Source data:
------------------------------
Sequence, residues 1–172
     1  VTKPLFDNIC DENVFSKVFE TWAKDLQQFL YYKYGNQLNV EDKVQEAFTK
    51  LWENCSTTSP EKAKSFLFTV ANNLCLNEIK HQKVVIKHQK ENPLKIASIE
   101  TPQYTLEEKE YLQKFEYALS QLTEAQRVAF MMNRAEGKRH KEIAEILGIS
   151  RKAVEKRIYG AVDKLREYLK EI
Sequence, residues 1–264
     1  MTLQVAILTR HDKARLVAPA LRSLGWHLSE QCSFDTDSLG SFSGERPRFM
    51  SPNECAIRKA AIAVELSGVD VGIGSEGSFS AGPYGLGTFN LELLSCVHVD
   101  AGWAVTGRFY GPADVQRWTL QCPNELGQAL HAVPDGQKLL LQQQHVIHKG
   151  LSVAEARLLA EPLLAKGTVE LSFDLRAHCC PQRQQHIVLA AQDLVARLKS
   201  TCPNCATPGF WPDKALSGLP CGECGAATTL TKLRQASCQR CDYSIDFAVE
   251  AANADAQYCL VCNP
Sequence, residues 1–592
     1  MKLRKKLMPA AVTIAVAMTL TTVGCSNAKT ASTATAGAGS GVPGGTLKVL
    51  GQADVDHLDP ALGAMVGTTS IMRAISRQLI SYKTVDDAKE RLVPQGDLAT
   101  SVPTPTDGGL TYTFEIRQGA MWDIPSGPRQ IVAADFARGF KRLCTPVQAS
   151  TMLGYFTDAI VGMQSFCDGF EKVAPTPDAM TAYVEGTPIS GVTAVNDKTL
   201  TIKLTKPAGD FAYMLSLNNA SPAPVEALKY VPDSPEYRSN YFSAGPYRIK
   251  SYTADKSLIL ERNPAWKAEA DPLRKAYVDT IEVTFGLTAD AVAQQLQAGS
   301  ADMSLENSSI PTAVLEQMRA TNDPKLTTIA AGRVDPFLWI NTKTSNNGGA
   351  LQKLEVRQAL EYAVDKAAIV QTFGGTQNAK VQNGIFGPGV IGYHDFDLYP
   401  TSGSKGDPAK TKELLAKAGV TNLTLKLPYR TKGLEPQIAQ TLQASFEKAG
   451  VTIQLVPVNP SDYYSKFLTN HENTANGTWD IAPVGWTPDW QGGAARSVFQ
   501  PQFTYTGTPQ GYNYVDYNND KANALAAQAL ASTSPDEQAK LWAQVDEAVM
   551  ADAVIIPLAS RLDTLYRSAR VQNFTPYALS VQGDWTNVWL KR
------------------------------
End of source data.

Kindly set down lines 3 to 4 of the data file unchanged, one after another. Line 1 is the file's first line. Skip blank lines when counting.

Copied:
    51  LWENCSTTSP EKAKSFLFTV ANNLCLNEIK HQKVVIKHQK ENPLKIASIE
   101  TPQYTLEEKE YLQKFEYALS QLTEAQRVAF MMNRAEGKRH KEIAEILGIS